Hardayal Hardy, C.J.
(1) This appeal under Clause 10 of the Letters Patent is directed against the judgment of a learned Single Judge of this Court in Civil Writ No. 1694 of 1967 whereby the award made by the Labour Court on 15-7-1967 was confirmed by the learned Judge.
(2) Some of the facts leading to this appeal were no doubt disputed by the parties but as the questions arising for determination in this appeal are based on un-disputed facts, we shall set out only those facts as to which the parties are in agreement.
(3) The appellant. National Tin Manufacturing Company, is an establishment which is engaged in the manufacturing of tins and is registered under the Delhi Shops & Establishments Act, 1954. In March 1966 there were only six employees on its roll. The accounting year of the firm is April 1964 to March 1965.
(4) In March 1966, Mohd. Arfin, who was imp leaded as respondent No. 2 and was an employee of the firm, filed a claim that due to accident he had l'een permanently disabled and should be paid compensation for disablement. He was accordingly paid Rs. 866.00 by an order of the Commissioner under the Workmen's Compensation Act, 1923. Shri Mohd. Arfin was meanwhile given one month's notice of termination of his services on 15-3-1966.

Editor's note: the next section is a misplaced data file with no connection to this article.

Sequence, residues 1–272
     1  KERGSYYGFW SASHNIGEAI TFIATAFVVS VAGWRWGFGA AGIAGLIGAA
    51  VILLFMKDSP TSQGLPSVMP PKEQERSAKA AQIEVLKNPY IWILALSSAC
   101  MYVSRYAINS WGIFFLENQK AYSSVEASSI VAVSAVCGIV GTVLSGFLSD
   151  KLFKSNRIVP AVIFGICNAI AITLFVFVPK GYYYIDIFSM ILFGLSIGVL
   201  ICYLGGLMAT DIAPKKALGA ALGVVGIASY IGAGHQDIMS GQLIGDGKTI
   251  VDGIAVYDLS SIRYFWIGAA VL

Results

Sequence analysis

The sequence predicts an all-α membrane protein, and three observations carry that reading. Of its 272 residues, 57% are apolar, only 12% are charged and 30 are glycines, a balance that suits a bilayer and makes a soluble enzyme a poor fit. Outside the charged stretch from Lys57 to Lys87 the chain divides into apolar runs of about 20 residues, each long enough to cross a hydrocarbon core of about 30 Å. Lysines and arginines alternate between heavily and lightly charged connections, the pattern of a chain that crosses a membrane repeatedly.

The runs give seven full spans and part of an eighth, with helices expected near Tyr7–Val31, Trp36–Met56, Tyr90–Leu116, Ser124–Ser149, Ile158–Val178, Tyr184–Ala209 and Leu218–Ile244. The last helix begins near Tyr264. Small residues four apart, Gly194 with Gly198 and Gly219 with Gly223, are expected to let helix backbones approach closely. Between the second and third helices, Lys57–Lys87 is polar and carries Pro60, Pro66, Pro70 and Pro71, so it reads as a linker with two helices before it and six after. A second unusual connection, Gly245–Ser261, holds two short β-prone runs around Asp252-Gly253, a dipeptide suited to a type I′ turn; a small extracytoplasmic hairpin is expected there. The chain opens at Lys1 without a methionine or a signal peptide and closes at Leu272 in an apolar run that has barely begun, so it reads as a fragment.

(5) The services of Mohd. Unis and Jalil Ahmed who were imp leaded as respondents 3 and 4 were terminated with effect from 15-4-1966 by giving them one month's notice under Section 30 of the Delhi Shops & Establisnments Act. These notices too were served on them on 15-3-1966.
(6) On September 19, 1966 Delhi Administration referred the disputes regarding payment of bonus and termination of services of these three employees to the Labour Court. Before the Labour Court these employees were represented by the Engineering Employees' Union.
(7) The parties closed their evidence and the Labour Court gave an award inter alias allowing the three employees bonus for one month. The employees we'e also ordered to be re-instated in service with full back wages
(8) The appellant being aggrieved by the award made by the Labour Court filed a writ petition in this Court which was allowed by the learned Single Judge and has now led to the filing of the present appeal.
(9) Two questions have been raised on behalf of the appellant on both of which the learned Single Judge has repelled the objections filed by the appellant. The first question relates to the payment of bonus, while the second question relates to re-instatement of the respondents with full back wages. It may be mentioned here that in the appeal before us the question of re-instatement of Jalil Ahmed was not raised and the controversy was confined to the other two employees Mohd. Arfin and Mohd. Unis.